Most of the time you try to tune everything out so you can concentrate on your own call. Since your co-workers are using the same script you are, this is usually not hard. Sometimes a CSR will “go off script,” which means they insert information that has not been approved by management, or engage in personal conversation. I’ve done it myself at times. It can provide you with some chuckles when you hear the conversation of your neighbor and you wonderi, “Where the heck did he get that information?” If you have attention deficit disorder and find that you have to listen to everything said around you, you might not want to work for a call center.
Many of your customers will be appreciative of the service you provide. If you give them the information they need, solve a problem, deal with their complaint, or order their product, they may even thank you. On the other hand, some people are yelling when you answer the phone. They are already mad, and they need to vent to someone, even though you personally had nothing to do with the situation. You are representing your company, however, so it is your job to calm the person down so you can help them. Therefore it is important that you do not take anything said personally. If you aren’t able to develop a thick skin, you might not want to work for a call center.
You will also find that there is a group a people, often those with a mental illness, who feel compelled to call 800 numbers and report all kinds of strange things, like the FBI is wire-tapping their home, they are being watched at work, etc. These can be pretty interesting calls as well, but due to that infernal talk time requirement, usually have to be handed off to a supervisor to deal with.
How Do I Know Whether to Take the Job?
According the website, Call Center Consultants, the necessary skills for working in a call center include:
1. Patience – Do you like to talk on the phone? Do you find people interesting? Can you do it all day and find the patience to act professionally with even the most frustrating customers? It may seem obvious, but there are people, like me, who do not like to talk on the phone. I don’t talk on cell phones, or call my friends or family a lot. This should have been a tip that I wouldn’t enjoy call center work. But if you like talking with people and don’t have a phone phobia, chances are you’ll be able to adapt to working in a call center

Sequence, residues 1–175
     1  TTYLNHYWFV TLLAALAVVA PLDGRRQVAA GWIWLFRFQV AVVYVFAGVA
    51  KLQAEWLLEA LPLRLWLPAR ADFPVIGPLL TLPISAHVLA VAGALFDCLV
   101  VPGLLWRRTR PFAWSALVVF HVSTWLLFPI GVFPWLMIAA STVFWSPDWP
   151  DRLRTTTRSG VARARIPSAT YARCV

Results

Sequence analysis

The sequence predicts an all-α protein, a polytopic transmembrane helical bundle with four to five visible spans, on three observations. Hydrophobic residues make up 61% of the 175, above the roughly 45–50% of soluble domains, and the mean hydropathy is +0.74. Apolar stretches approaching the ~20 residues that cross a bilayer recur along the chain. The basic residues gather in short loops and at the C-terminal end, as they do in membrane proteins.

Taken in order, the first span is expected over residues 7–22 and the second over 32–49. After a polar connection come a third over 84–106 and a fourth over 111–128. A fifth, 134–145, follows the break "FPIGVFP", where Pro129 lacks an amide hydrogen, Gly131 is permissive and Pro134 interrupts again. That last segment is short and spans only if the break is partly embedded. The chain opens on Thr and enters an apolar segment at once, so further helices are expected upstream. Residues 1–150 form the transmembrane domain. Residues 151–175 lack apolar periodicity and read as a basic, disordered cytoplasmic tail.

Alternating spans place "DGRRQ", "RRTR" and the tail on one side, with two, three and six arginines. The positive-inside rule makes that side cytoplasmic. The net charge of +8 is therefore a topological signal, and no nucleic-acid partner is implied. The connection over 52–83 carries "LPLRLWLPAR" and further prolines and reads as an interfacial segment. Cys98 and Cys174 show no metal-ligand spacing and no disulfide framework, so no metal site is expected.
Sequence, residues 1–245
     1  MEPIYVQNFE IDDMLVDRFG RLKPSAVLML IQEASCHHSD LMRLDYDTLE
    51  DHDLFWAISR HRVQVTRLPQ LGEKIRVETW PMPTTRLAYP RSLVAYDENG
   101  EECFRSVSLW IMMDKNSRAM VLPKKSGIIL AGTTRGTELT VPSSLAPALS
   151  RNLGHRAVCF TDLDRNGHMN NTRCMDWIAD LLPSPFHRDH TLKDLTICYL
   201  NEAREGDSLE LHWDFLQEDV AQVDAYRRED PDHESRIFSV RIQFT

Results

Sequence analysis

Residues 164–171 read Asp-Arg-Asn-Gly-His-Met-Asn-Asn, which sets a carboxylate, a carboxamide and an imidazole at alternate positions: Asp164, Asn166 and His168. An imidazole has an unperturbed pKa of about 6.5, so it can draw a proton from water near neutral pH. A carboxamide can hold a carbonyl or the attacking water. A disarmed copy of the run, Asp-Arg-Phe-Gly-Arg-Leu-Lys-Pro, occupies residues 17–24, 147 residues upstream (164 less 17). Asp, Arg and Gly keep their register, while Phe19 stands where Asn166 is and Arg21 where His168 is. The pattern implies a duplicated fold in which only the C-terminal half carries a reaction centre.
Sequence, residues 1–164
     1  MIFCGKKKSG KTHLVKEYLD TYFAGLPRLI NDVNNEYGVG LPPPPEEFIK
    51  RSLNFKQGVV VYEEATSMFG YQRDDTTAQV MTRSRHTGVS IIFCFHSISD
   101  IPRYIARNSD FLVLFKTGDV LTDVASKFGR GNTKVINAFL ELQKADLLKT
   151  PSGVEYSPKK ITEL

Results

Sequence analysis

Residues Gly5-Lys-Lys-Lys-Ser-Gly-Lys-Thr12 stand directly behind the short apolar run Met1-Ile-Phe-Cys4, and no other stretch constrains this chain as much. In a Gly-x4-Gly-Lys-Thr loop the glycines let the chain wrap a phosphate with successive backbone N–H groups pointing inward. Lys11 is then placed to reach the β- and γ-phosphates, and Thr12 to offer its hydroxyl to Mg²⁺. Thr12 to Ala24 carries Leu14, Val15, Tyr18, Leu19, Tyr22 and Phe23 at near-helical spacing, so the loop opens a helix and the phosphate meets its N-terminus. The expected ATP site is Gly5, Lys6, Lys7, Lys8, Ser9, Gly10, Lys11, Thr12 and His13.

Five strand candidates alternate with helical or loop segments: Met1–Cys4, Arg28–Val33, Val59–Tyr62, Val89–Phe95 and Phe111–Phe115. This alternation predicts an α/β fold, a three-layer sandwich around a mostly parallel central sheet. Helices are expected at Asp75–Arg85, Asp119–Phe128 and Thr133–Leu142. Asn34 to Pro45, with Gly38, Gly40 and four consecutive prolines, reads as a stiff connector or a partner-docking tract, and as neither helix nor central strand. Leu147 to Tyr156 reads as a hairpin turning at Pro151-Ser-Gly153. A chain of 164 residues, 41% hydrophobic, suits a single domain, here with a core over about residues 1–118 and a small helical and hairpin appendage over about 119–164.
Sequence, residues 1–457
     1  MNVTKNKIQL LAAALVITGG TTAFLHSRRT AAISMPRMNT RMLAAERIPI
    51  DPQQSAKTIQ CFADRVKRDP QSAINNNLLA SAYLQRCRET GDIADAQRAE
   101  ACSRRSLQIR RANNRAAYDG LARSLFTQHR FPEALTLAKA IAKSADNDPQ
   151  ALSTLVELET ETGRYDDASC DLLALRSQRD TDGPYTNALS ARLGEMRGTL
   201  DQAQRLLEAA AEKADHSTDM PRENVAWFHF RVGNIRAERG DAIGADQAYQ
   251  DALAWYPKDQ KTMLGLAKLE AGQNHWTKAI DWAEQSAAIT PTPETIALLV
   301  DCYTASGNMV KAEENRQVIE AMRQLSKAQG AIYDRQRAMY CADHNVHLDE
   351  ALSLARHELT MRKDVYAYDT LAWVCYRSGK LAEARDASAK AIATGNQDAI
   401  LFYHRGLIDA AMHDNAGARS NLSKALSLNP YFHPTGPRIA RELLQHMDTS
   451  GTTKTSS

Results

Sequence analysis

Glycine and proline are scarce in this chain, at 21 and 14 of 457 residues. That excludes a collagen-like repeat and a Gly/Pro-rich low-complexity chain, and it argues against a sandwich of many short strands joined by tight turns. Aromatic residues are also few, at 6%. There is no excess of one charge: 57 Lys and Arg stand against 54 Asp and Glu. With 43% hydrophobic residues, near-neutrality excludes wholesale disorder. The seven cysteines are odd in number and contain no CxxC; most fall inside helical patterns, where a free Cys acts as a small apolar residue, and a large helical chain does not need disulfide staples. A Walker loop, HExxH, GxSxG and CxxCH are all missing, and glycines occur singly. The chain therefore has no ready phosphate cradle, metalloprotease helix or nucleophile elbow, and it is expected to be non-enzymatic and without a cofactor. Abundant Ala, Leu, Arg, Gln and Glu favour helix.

2. Upbeat Outlook – Working in a call center can be very stressful. It helps if you try to maintain a positive attitude. Sometimes, even the most difficult customer will come around when you’re able to remain calm, upbeat, and focused. It is very easy to get into a negative mindset, especially if those around you are already burned out. This makes the workday very long and increases your stress level.
3. Helpful Problem Solver - If you are a person who likes to help people solve problems, this may be a good job for you. People usually respond well when they know the person on the other end of the line is doing their best to help them. Of course, there are always those people who are never satisfied, but they come with the territory.
4. Hold Your Ground - There will be times when a customer will try to get you to violate company policies. or even ask you to do something illegal. You’ll need to hold firm to your training and refuse to do anything unethical. If you have trouble saying “I’m sorry, I am not able to do that,” you might want to rethink working in a call center.
In my new job, I still have access to the other call center areas. So at times I walk the halls, listening over the cubicles to CSR’s as they talk to their customers. And I am extremely grateful to those who decided to hire me for my data entry job, for I no longer have the “Call Center Blues.”
Website: Call Center Consultants
Website: Centerserve’s Call Center Learning Center